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merly worn in Indochina by French commando units. Although designed and procured primarily for use in steamy tropical jungles, the colorful uniform came to be worn in garrison with a dark green beret. Along with the newly adopted emblem, which was worn as a patch over the left breast pocket, this uniform became the distinguishing mark of the Vietnamese Marine and his U.S. Marine advisor. Together, the uniform and emblem did much to set the VNMC apart from the other South Vietnamese armed services.'


Vietnamese Marine Corps Emblem.

Lieutenant Colonel Wilkinson instigated another change during this same period which did much to improve the effectiveness of the Marine advisory program. Since the sect rebellion of 1955 American policy had prohibited all U.S. military personnel from participating in combat with South Vietnamese forces. Because the prevailing restrictions prevented his assistants from accurately assessing the combat capabilities of the Vietnamese Marine battalions, Wilkinson requested that they be allowed to accompany their units into action. After some study. General Williams, still the MAAG Chief, approved this request with the stipulation that the U.S. Marines were to act strictly as non-participating observers.11 This privilege was not extended to other MAAG personnel. Wilkinson and his assistants, therefore, became the first American servicemen to witness actual combat operations against the Viet Cong. So through an informal and relatively unknown arrangement, a handful of Marine advisors were able to insure that principles being stressed in training were being applied in combat. Now operating alongside the Vietnamese Marines in action, the advisors were also able to obtain a better appreciation of the terrain and enemy and a more thorough understanding of the frustrating problems being encountered by the VNMC units.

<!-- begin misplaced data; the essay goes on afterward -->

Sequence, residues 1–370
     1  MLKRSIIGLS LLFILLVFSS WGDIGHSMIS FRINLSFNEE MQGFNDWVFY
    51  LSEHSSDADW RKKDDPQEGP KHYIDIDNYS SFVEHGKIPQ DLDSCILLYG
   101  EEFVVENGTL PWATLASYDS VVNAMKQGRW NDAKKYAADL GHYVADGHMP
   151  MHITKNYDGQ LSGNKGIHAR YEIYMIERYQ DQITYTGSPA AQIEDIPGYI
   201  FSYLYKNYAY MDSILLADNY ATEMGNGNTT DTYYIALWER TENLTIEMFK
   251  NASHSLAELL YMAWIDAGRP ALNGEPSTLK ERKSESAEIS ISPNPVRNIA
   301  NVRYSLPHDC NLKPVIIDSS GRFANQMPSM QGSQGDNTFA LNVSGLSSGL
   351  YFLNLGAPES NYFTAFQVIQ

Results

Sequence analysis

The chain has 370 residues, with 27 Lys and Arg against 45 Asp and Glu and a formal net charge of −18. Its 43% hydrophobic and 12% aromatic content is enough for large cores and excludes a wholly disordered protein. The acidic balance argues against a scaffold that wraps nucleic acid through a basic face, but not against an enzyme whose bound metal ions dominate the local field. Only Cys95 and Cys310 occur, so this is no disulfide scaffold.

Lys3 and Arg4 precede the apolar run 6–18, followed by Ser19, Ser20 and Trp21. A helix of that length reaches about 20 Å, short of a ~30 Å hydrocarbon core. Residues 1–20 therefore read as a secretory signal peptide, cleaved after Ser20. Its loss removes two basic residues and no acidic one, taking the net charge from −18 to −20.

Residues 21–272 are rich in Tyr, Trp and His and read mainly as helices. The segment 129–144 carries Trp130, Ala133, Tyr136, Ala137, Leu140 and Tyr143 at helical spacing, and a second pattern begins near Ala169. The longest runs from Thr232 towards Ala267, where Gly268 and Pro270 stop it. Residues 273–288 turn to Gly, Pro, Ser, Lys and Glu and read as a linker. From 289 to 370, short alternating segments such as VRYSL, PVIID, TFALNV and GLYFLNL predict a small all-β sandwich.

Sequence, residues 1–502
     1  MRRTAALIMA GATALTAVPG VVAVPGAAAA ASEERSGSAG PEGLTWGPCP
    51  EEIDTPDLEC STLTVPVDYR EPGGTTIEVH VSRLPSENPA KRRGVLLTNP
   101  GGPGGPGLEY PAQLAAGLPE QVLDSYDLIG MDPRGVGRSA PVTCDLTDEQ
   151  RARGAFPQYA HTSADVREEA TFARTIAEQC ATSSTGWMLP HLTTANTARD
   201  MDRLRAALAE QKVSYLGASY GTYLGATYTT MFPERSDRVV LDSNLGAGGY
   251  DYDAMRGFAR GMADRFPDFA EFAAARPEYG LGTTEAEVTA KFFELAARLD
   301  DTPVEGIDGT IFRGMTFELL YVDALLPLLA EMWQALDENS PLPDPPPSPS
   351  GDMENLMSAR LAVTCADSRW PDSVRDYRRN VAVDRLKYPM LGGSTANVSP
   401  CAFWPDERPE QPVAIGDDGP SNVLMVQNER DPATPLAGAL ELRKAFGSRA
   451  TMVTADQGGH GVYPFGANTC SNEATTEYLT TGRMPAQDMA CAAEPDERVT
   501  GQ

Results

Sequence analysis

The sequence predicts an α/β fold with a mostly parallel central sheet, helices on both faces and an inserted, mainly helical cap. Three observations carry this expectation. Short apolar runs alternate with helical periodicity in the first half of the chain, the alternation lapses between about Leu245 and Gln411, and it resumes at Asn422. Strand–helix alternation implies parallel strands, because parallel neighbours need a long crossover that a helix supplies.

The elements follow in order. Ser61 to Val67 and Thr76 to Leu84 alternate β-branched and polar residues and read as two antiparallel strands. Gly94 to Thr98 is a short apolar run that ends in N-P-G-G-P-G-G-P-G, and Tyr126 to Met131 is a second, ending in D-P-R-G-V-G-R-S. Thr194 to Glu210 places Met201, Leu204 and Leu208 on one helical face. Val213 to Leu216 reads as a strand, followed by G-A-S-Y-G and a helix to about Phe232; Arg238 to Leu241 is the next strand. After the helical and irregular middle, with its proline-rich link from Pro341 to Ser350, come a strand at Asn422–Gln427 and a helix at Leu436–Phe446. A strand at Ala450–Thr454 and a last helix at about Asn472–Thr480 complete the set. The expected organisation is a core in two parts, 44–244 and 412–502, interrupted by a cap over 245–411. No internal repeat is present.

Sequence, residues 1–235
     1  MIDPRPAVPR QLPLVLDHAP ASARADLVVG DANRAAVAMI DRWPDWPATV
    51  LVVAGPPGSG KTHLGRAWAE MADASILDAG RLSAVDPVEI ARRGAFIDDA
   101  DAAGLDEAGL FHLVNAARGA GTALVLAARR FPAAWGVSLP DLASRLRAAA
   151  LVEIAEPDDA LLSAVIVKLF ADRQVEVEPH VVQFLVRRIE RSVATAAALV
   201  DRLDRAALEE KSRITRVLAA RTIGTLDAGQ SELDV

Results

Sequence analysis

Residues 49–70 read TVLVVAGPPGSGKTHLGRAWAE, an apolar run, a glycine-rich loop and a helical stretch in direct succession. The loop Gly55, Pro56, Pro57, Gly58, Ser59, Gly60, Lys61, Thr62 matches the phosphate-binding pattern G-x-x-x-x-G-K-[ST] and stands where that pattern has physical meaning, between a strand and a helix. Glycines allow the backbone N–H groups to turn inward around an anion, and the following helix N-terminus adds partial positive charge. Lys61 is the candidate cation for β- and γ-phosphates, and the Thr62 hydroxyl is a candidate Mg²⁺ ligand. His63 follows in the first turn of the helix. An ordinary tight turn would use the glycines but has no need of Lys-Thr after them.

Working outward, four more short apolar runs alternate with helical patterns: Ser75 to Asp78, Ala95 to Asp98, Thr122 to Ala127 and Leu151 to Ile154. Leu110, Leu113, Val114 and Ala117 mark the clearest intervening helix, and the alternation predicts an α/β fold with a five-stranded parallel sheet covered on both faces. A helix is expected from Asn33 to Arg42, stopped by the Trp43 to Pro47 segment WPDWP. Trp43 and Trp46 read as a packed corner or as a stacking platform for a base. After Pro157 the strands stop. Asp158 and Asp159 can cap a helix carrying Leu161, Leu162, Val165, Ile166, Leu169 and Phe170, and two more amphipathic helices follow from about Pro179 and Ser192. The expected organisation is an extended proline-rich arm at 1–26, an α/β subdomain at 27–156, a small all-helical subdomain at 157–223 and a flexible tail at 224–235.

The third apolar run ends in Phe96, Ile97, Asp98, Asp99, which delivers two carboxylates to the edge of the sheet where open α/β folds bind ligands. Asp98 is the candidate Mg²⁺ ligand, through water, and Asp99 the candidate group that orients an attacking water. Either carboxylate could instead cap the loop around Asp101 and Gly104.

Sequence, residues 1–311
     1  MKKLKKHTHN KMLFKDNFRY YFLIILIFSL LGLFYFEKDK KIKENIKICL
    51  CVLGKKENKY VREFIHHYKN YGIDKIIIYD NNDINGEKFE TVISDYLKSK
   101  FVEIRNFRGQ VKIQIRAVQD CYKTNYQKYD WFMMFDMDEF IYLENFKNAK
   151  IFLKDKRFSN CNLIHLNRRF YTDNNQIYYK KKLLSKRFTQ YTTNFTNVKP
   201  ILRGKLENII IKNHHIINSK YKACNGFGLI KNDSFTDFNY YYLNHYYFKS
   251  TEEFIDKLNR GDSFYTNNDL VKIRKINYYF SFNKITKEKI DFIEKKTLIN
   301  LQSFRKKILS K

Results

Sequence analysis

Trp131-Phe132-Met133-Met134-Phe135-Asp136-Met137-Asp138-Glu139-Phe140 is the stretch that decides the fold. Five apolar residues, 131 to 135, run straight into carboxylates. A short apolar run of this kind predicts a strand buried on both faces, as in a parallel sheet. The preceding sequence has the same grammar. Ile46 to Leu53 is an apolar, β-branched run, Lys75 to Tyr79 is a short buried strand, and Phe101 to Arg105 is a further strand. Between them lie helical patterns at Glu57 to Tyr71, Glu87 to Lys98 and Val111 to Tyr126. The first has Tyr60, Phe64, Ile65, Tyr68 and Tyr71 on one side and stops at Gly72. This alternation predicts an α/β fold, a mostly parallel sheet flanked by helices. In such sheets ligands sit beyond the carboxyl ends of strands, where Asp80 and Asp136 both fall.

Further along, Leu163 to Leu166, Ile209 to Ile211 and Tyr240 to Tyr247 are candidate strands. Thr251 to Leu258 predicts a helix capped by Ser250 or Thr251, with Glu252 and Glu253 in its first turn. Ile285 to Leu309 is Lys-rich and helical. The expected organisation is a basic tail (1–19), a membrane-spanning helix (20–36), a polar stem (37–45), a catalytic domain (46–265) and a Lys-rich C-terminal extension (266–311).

The first half of 1960 brought changes in both the leadership of the Vietnamese Marine Corps and the U.S. Marine advisory program. In May President Diem relieved Major Hung as Senior Marine Officer. His replacement was Major Le Nguyen Khang, an officer who spoke fluent English and who had been the first Vietnamese Marine graduated from the U.S. Marine Amphibious Warfare School at Quantico. A capable and inspiring officer who had formerly commanded a landing battalion in combat against the Viet Cong, Khang was to head the VNMC for over three years. The following month Lieutenant Colonel Clifford J. Robichaud relieved Lieutenant Colonel Wilkinson as Senior Marine Advisor. Like Khang, Robichaud had seen combat previously. A former master sergeant, he had been commissioned during World War II and had fought as an infantry unit leader on Guadalcanal and later in Korea. Like all U.S. Marines assigned as advisors to the VNMC after I960, Robichaud was scheduled to serve only a one year tour in South Vietnam.

Combat assignments against the Viet Cong continued to dominate the VNMC's activities during the remainder of I960. With Communist forces now capable of battalion-sized operations in some areas, the Joint General Staff began deploying government forces to the provinces in multi-battalion strength. By late 1960 the Vietnamese Marines were conducting two-battalion operations controlled by a task force headquarters. Khang, now a lieutenant colonel, normally commanded these Marine task forces.

It was during one such operation, in which the 1st and 2d VNMC Battalions were operating together in the provinces south of Saigon, that

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